Thursday, July 03, 2014

The Fed and the eurozone

Brad DeLong in The World’s Central Banker Project Syndicate 07/30/2014 points to the growing strength of xenophobic, nationalist parties in the European Union:

This is not in Europe’s interest, and it is not in America’s interest to have to deal with such a Europe. A democratic, prosperous, and stable Europe implies a much better and safer world for the US.

Here is where the Fed comes in. By shifting its monetary-policy regime to target 4% annual inflation – or 6% annual nominal GDP growth – the US would set in motion rapid rebalancing in the eurozone. Rather than see the 30% euro appreciation that would follow from the ECB’s current monetary policy, German exporters would scream for measures to prevent America’s “competitive devaluation,” finally bringing about moderate inflation in the north rather than the current grinding depression in the south.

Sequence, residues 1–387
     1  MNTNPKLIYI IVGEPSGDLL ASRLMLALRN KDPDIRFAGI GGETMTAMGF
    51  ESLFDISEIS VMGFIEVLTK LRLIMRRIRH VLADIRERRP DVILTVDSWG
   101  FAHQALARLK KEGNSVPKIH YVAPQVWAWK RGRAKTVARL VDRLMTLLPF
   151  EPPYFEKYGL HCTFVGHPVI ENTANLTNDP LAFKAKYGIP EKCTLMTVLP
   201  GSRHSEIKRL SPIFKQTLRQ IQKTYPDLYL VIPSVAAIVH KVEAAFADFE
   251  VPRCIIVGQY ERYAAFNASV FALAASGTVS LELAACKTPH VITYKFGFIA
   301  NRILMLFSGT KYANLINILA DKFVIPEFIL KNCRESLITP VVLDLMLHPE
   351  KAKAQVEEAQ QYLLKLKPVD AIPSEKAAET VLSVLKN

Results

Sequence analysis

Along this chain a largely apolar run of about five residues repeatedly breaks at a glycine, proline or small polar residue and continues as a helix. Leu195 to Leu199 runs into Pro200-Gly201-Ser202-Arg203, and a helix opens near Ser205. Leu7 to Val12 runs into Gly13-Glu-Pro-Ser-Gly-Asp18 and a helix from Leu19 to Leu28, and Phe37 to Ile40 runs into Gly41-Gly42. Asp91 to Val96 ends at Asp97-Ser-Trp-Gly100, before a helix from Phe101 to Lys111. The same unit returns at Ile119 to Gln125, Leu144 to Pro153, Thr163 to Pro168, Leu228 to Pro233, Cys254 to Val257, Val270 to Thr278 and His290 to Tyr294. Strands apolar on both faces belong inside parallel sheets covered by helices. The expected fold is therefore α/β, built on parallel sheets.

A world in which the US has a proven record of honoring the trust that is required of it to play the role of global economic hegemon is a much better world for the US than one in which it is not trusted. Simply put, the US must manage the global economy for the collective common good, or else confront a world in which global macroeconomic management results from race-to-the-bottom national policy struggles.
In other words, such a policy by the Fed would create pressure on Angela Merkel's government to do what needs to be done in the interest of the eurozone and of Germany itself.

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